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onePK – Building Applications and Agents on API’s Across Cisco’s Network OS’s

Cisco’s OnePK (one Platform Kit) – APIs and the accompanying SDK is finally launching this week at Cisco Live! For myself and a few friends in Cisco, it has been a long journey to this point! Our passion is opening the network operating systems in such a way that customers can collaborate directly in code with the developers of the OSes and the platforms. The greatest challenge was, and still is, crafting a set of consistent and functional APIs covering the breadth of features in our network OSes.

Anyone who knows Cisco networking knows that feature consistency and breadth are all too often not found together. The unique challenge we have had is to achieve consistency without settling for a lowest common denominator approach. Letting platforms show their strengths while still offering a consistent programming model is a great challenge, and one I hope we will live up to.

Software Defined Networking, public networking APIs and abstractions are still in their infancy. Compare where we are today to the rich history of GUI APIs that we can read about here:

http://en.wikipedia.org/wiki/History_of_the_graphical_user_interface

Networking APIs today are at a stage analogous to where applications under MS-DOS with proprietary GUIs were in the late 80s, coming up to the 1990s, when mainstream use of the desktop API’s propelled us into a decade of innovation in GUI elements and abstractions. Are we here with Network OSs?

While I do not believe networking will ever have as large a developer community as desktops or smart phones, I am a certain that the next ten years is going to one of exciting growth and innovation for the interface between networks and applications, both in and on the network.

I am very proud of what we are launching this week. We are offering a rich and deep set of APIs with hooks into some of the most important areas of networking, spanning such diverse areas as data path access, control plane control and extension and management functions. At the same time it is humbling to know that this is just the start of the evolution of network APIs, and that in a few years we will all probably look back at these early days and our naive assumptions with a sense of humor and some disbelief.

We have built a system that, while in this release focuses on the core fundamentals of networking and devices, is carefully designed for the extension and evolution we envisage as we move forward. Especially considering the breadth of Cisco’s platforms and features we are allowing a system of extensions and service sets at many layers of abstraction. At the same time there is a consistent basic abstractions of the fundamentals.

An awesome thing about this initial phase is that we have a broad enough set of APIs that can allow customers, partners and Cisco itself to build applications that extend the functionality or modify the behavior of the network dynamically -- without having to upgrade the device OS images! This will be a relief to the operations community who often need to recertify full behavior of systems elements for small feature changes.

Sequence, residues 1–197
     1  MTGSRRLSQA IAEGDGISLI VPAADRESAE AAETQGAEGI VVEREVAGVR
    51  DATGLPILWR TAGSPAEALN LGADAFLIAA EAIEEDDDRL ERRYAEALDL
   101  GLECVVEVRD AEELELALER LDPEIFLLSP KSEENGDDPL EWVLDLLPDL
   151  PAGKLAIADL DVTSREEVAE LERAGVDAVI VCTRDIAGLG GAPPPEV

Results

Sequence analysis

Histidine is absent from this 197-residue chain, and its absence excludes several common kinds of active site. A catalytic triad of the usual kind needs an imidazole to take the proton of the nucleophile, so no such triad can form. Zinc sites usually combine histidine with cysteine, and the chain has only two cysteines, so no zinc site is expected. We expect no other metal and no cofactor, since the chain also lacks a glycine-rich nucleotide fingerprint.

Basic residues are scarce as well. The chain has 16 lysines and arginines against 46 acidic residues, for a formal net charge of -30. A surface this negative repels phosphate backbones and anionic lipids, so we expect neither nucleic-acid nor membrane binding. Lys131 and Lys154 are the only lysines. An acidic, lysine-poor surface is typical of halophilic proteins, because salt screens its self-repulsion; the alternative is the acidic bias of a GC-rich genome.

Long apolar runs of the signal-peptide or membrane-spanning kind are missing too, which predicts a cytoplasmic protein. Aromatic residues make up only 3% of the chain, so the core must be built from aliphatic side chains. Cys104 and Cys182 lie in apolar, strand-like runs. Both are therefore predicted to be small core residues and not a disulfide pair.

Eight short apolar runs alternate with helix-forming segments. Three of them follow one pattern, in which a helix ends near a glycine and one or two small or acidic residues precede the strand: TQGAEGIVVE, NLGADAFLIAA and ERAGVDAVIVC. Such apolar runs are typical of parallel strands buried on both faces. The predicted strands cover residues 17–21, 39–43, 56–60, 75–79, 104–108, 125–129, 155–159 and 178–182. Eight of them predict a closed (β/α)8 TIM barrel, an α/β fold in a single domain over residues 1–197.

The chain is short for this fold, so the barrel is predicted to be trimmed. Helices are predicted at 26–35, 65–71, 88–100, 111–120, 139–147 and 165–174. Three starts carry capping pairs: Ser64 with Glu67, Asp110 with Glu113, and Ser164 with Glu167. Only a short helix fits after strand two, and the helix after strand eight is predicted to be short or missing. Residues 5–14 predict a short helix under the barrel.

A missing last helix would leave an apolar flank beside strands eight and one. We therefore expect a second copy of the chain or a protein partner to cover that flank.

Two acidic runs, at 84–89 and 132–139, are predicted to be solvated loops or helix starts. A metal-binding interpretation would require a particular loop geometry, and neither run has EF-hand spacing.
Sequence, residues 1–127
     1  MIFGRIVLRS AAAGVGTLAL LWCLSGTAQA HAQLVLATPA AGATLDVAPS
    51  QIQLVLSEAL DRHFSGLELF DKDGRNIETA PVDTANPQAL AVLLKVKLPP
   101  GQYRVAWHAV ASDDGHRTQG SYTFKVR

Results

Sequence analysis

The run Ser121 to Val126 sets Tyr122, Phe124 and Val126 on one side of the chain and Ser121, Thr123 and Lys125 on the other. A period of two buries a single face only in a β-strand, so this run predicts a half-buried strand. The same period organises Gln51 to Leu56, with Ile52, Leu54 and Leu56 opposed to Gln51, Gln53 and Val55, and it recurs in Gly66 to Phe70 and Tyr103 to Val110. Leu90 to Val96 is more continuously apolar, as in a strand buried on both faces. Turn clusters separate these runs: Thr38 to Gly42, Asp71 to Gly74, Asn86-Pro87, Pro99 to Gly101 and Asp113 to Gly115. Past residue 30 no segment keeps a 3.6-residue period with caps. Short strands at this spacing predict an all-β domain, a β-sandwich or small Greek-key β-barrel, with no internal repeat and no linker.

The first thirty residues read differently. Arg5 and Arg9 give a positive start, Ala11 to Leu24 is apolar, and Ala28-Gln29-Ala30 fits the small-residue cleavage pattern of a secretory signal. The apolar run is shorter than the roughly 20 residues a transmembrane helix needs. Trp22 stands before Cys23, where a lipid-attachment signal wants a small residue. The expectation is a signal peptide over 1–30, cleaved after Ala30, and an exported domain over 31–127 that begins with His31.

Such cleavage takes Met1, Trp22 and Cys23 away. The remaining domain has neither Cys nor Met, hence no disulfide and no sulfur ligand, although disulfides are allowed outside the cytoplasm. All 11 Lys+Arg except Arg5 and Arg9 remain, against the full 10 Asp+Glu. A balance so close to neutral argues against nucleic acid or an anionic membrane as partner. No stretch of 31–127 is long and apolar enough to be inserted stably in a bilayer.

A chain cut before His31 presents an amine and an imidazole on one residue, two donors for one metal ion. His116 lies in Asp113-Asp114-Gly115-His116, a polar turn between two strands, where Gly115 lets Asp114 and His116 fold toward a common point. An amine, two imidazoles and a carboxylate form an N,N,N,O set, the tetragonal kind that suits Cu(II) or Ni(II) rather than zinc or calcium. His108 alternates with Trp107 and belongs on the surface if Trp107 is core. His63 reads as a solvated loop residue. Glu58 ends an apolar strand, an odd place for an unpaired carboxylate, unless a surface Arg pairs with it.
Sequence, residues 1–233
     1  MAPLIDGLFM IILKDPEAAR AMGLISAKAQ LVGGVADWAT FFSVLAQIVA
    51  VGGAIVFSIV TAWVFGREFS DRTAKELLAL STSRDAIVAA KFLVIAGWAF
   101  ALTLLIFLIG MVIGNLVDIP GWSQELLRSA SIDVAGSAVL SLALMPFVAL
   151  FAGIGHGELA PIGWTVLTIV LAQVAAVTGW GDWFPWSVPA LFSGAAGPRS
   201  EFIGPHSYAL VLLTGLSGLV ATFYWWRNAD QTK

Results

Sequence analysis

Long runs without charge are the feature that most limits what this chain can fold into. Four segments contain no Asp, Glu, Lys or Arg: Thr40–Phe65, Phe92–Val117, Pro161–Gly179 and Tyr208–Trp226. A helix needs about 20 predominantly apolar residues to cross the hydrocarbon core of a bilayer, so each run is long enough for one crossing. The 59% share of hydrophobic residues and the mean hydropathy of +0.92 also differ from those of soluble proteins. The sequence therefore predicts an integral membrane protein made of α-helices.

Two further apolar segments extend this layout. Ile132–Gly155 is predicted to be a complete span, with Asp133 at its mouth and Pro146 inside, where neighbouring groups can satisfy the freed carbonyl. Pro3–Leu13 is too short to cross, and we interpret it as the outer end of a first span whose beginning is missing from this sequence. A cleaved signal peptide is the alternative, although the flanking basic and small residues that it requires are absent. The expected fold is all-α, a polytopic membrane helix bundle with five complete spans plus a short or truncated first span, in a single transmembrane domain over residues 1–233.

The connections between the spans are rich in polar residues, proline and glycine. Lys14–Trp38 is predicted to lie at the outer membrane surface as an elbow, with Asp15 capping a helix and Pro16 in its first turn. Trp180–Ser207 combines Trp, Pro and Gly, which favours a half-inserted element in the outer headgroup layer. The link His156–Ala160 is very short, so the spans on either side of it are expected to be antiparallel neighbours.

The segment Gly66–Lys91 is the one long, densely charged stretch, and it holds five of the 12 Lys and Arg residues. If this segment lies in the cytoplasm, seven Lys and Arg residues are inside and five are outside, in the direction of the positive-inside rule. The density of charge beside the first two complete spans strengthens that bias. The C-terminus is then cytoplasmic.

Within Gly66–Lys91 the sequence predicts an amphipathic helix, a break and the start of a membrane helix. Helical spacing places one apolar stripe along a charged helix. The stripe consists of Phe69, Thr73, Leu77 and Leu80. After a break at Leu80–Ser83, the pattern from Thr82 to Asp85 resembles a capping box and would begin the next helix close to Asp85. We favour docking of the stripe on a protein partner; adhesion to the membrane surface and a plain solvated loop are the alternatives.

The days of the monolithic device operating system are coming to an end for Cisco, which should add some much-needed and very welcome agility to our industry. I am eagerly anticipating the day a customer tells me they wrote a feature we should consider adding to the base OS! That is how a community grows.

This week at Cisco live we are showing four great demonstration applications, built on the network API’s.

  • “Routing for Dollars” overrides the routing table with separate routes based on dollar cost weighing. This demonstration is a great example of control plane collaboration. It shows how the API’s can read the current control plane, and then override it selectively for business logic reasons.
  • “MTU monitor” is a demonstration of the eventing system. It detects MTU mismatches on a network and then optionally dynamically fixes the MTU. It is registered for event changes to the MTU and if any changes happen in the network. The application reruns. This demonstration is running prototype images of the API system on all network OS’s with the platforms covering the CRS, ASR9k, ASR1K and ISR.
  • “Custom Crypto” this application show how an application can tap into the data path. Here we dynamically add a program that intercepts all telnet traffic between two devices and does some trivial encryption on it.
  • “RESTfull” this demonstration shows how applications can built their own abstractions and add value in layers above the onePK API’s. The demonstration shows some of our more complicated API’s like the Policy API building and manipulating QoS over HTTP.

We are currently engaged in limited Alpha tests with a number of customers. If you want to hear more or chat directly with us about the system, please contact us at http://developer.cisco.com/web/getyourbuildon

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1 Comments.


  1. Matt Bolick

    Great post Ric and congratulations on finally getting the baby out of the house. I can’t wait to see the uses that people dream up for onePK. This is a remarkable step forward for network and application integration and a huge accomplishment for everyone that worked so hard on it.

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